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CLUE: Dictionary

ALCOHOLISM. Disease characterized by excessive or compulsive use of alcoholic drinks.

ANTIMONY. A heavy metal found in many medicines used to treat fevers. It causes vomiting, sweating, and purging of the bowels. Chronic exposure to antimony compounds can cause nausea, vomiting, "antimony spots" (scaly skin blemishes), and anemia, often progressing to circulatory collapse and death.

CALOMEL. Name for mercurous chloride, a poisonous mercury compound commonly used in the 1800s.

CORROSIVE SUBLIMATE. Old name for mercuric chloride, a very poisonous mercury compound used as a drastic medicine in the 1800s.

DELIRIUM TREMENS. Alcohol-withdrawal syndrome: an insanity lasting from 3-10 days resulting from alcohol abuse, then deprivation. It is characterized by "the shakes" (tremors of the hand and eye), soon after drinking stops. Hallucinations, delusions, and seizures are also common.

EVAPORATION. To pass off in vapor or in minute airborne particles.

JAMES'S POWDER. A popular fever reducer from 1760 into the 1800s, made of a compound containing antimony and calcium phosphate.

LEAD. Poisonous heavy metallic element. Exposure to lead compounds can cause anemia, mood swings, intense abdominal cramps, confusion and brain damage. Nerve paralysis usually begins with the hands. Before 1950, about 25% of all severe cases ended in death.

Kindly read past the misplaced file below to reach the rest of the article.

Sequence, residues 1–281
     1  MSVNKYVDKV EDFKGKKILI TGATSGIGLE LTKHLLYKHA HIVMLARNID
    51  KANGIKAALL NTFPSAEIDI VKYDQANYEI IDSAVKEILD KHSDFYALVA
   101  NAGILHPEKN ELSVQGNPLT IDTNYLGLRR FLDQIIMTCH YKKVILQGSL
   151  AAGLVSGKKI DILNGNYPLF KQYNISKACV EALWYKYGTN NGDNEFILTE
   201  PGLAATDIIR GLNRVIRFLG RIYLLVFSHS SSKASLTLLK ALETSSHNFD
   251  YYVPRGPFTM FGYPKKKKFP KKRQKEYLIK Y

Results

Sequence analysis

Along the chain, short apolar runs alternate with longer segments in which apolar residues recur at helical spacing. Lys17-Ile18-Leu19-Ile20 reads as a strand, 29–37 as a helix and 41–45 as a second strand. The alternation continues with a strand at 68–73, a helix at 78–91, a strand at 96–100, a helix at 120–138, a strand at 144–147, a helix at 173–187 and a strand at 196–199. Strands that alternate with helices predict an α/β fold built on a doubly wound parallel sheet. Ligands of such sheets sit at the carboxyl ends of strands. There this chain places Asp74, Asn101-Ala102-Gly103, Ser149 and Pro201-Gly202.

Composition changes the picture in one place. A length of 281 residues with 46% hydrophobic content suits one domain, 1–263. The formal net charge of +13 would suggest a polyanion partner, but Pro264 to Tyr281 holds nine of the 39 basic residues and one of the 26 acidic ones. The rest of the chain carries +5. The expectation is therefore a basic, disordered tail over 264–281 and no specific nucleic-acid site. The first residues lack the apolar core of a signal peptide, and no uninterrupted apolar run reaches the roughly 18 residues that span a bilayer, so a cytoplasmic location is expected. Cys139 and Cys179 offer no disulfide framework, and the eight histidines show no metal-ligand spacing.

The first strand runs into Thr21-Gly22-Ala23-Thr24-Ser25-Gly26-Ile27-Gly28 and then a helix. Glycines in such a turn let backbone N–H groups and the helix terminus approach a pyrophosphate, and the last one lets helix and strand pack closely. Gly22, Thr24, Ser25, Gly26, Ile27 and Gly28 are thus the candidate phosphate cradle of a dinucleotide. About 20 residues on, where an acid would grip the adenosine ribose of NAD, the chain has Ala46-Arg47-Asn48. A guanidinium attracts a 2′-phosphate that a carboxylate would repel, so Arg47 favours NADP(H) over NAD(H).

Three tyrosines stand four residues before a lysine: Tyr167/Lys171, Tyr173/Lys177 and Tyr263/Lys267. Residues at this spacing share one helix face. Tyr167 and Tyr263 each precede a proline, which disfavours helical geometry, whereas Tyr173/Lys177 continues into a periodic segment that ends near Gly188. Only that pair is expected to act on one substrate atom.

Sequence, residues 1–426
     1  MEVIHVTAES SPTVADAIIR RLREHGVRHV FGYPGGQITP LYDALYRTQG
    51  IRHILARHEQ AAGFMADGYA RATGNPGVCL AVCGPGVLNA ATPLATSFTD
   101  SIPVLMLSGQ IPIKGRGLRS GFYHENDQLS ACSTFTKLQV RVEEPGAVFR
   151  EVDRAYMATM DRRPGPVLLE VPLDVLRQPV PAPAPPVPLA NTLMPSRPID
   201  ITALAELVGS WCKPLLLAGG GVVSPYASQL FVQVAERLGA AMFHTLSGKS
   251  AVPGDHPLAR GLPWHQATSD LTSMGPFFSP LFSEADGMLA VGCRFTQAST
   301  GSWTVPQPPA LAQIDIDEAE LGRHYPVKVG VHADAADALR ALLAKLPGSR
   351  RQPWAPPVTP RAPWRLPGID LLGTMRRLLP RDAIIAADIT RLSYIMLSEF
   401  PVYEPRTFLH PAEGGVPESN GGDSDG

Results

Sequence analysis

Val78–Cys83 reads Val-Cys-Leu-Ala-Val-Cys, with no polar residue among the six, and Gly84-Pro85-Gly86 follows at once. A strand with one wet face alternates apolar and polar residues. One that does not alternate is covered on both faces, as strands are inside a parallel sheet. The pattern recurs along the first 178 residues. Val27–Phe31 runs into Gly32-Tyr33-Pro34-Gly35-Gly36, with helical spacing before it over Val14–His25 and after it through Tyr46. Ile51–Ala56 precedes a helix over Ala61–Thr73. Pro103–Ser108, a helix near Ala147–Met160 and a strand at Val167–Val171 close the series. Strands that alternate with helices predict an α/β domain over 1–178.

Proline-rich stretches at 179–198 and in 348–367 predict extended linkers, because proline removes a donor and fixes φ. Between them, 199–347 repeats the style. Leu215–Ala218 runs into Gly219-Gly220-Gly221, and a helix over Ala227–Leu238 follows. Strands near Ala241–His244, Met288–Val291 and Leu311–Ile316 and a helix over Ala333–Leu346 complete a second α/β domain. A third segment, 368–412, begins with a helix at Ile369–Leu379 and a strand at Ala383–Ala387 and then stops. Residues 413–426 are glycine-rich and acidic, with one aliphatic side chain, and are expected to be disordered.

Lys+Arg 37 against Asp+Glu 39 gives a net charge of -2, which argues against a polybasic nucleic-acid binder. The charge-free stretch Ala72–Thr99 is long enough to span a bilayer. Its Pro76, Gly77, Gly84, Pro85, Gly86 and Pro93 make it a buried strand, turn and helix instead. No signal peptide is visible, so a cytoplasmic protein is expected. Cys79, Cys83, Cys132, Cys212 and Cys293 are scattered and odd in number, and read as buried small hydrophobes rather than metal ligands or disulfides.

MERCURY. Poisonous heavy metallic element, liquid at room temperature; also called quicksilver. Elemental mercury can be inhaled as vapor; mercury compounds can be ingested or absorbed through the skin. Exposure symptoms include fatigue, confusion, tremors, brain damage and death. Mercury compounds were widely used in the 1800s to make medicines for purging the body's digestive system.

PLACEBO. An inert medication given to soothe or calm a patient, or as a control in experiments.

QUICKSILVER. Old name for the element mercury.

An Access Excellence Science Mystery sponsored by Genentech, Inc.
Copyright © 1997 Genentech, Inc.; all rights reserved.

 

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